The com­pany is in need of strong lead­er­ship and what Shuter needs to do is es­tab­lish a new cor­po­rate cul­ture at MTN.

ap­pointed Cit­i­group and Stan­dard Bank in July last year to ad­vise it on the Nige­ria list­ing.

De­layed La­gos list­ing

It does ap­pear, how­ever, as if the new Nige­rian in­ves­ti­ga­tion is one of the is­sues caus­ing de­lays to the pro­posed La­gos list­ing. In Jan­uary this year MTN an­nounced that its La­gos list­ing may only go ahead in 2018.

Act­ing CEO Nh­leko has stated that the process could take 12 to 18 months. Gold­stuck says that the La­gos list­ing is a sign from MTN that it wants to be a “good cor­po­rate cit­i­zen” in Nige­ria. “MTN is clearly will­ing to prove its cre­den­tials to the Nige­rian gov­ern­ment.”

Takaen­desa be­lieves the list­ing will ul­ti­mately be good for MTN. “It’s a good idea, they need to do that,” he says. “It’s the right thing to do.”

He adds that hav­ing a firmer foot­ing in Nige­ria may help si­lence some of the crit­i­cism com­ing from Nige­rian politi­cians who may see MTN as an ar­ro­gant South African com­pany.

“If you are just seen as a for­eign busi­ness, it’s easy to be pe­nalised,” says Takaen­desa.

MTN in­sists that it is com­mit­ted to list on the Nige­rian Stock Ex­change as com­mu­ni­cated to the mar­ket pre­vi­ously. It also said, how­ever, that this is sub­ject to suit­able mar­ket cir­cum­stances and con­di­tions.

“The list­ing process re­mains one of our key pri­or­i­ties and, as pre­vi­ously com­mit­ted, we con­tinue to take com­pre­hen­sive steps to en­sure that the process is com­pleted as soon as com­mer­cially and legally pos­si­ble,” the mo­bile operator says.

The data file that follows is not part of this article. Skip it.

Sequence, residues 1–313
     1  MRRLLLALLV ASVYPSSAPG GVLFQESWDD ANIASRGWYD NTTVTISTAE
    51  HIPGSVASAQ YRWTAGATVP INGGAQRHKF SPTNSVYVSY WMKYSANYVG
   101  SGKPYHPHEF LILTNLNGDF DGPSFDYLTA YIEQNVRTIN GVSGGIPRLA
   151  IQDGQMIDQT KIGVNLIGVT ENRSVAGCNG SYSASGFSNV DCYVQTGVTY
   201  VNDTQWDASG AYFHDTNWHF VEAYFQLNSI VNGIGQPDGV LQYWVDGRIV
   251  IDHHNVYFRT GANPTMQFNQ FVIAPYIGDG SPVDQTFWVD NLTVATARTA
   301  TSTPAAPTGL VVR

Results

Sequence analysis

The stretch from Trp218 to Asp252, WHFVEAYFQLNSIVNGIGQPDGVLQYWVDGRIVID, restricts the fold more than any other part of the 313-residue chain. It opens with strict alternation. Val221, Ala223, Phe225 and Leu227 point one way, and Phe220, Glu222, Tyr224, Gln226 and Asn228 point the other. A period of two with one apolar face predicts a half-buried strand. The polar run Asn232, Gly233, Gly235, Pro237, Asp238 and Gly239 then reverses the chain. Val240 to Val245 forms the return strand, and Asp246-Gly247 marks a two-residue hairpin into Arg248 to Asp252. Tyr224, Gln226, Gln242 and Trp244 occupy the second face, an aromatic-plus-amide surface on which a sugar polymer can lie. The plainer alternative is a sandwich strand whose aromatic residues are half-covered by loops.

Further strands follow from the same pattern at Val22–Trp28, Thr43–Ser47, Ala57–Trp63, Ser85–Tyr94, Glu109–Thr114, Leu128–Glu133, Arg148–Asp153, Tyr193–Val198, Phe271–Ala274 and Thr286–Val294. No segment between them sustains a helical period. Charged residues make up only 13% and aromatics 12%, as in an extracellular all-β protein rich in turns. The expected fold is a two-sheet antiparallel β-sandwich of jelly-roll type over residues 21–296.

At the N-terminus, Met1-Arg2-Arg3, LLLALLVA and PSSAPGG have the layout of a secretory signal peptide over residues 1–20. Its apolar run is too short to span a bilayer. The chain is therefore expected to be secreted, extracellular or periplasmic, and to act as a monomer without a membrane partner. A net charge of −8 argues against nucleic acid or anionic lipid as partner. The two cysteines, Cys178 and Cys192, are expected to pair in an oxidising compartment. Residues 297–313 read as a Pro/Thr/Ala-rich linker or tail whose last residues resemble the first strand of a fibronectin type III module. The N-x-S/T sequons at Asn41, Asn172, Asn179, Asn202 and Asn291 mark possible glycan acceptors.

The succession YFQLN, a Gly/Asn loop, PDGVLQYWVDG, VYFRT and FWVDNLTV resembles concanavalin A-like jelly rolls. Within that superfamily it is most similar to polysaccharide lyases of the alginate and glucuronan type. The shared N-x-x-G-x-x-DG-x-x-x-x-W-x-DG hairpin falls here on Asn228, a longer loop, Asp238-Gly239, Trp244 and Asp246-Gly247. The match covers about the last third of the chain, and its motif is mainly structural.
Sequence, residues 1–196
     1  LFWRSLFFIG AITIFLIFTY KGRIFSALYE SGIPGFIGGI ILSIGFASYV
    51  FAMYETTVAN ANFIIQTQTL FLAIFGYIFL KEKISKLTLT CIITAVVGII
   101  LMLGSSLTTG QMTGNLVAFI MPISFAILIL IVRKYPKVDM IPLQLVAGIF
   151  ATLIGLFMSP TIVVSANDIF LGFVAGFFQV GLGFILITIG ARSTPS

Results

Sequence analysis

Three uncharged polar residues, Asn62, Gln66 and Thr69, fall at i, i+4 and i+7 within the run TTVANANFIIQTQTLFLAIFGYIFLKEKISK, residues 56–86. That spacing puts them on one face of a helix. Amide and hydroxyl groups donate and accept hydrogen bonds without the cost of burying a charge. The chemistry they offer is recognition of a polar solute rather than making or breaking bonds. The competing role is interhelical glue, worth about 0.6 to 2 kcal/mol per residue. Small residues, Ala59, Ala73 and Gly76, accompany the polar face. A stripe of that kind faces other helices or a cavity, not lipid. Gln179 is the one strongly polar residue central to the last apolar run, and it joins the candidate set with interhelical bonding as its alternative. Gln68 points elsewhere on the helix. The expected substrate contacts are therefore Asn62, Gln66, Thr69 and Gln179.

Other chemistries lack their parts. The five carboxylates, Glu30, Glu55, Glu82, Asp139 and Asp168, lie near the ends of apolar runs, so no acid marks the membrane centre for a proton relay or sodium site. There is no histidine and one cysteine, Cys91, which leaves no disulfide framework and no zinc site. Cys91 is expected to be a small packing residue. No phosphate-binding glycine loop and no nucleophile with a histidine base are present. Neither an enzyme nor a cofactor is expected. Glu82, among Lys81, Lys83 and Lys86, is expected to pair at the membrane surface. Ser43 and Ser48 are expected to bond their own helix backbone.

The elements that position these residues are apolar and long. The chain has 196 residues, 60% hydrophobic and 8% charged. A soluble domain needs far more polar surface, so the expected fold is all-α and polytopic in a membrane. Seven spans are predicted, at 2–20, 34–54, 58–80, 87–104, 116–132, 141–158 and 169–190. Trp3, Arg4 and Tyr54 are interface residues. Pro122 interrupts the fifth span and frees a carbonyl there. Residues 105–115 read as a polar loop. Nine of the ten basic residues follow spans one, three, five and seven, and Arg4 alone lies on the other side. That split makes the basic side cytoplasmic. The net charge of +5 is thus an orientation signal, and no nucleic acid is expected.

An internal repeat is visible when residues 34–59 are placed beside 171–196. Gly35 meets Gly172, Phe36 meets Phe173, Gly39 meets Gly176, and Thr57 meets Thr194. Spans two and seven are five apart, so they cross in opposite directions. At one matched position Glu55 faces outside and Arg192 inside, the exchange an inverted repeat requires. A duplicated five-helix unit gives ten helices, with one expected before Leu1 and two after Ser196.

In­creased pres­sure in SA

In its home mar­ket, MTN has come un­der in­creased pres­sure.

It has been seen as largely un­re­spon­sive to in­creased com­pe­ti­tion in the mar­ket and has as a re­sult haem­or­rhaged sub­scribers, with smaller ri­val Cell C be­ing the main ben­e­fi­ciary.

Gold­stuck says MTN South Africa needs to be­come a much more mar­ket-driven and con­sumer­fo­cused busi­ness, but says of late there have been promis­ing signs un­der the new CEO, Mteto Ny­ati.

Takaen­desa points out that MTN South Africa has made many mis­takes over the last few years. One mis­step was the out­sourc­ing of its sup­ply of hand­sets, which re­sulted in a huge hand­set short­age in 2016. It was a move that was even­tu­ally re­versed.

Gold­stuck flags data as the big­gest is­sue for MTN go­ing for­ward in the South African mar­ket. Lo­cal tele­coms com­pa­nies are un­der mas­sive po­lit­i­cal and pub­lic pres­sure to bring data prices down. “The data is­sue is the ele­phant in the room,” says Gold­stuck, adding that by 2020 South Africa is ex­pected to have an al­most ex­clu­sive smart phone mar­ket, which will cause an ex­plo­sion in data us­age.

“By 2020 the mo­bile play­ers will be mak­ing more rev­enue from data than voice,” he ex­plains. “This is go­ing to re­sult in pres­sure to bring data costs down.”

Gold­stuck says South African mo­bile com­pa­nies are still of­fer­ing voice prod­ucts with data added on, when in fact they need to be think­ing in re­verse.

Si­fiso Dabengwa Former CEO of MTN

Arthur Gold­stuck Founder of World Wide Worx

Rob Shuter New group CEO of MTN

Peter Takaen­desa Port­fo­lio man­ager at Mer­gence In­vest­ment Man­agers

Mn­cane Mthunzi Pres­i­dent of the BMF

Mteto Ny­ati CEO of MTN South Africa

Phuthuma Nh­leko Chair­per­son and cur­rent act­ing CEO of MTN